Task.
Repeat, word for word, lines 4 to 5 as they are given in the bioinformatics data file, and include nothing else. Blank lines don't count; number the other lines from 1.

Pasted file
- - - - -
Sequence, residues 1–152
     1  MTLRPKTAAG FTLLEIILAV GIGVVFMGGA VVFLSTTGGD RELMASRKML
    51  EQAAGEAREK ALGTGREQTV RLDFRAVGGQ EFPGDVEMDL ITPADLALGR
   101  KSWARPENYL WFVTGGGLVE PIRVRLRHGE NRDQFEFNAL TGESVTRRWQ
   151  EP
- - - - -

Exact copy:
   101  KSWARPENYL WFVTGGGLVE PIRVRLRHGE NRDQFEFNAL TGESVTRRWQ
   151  EP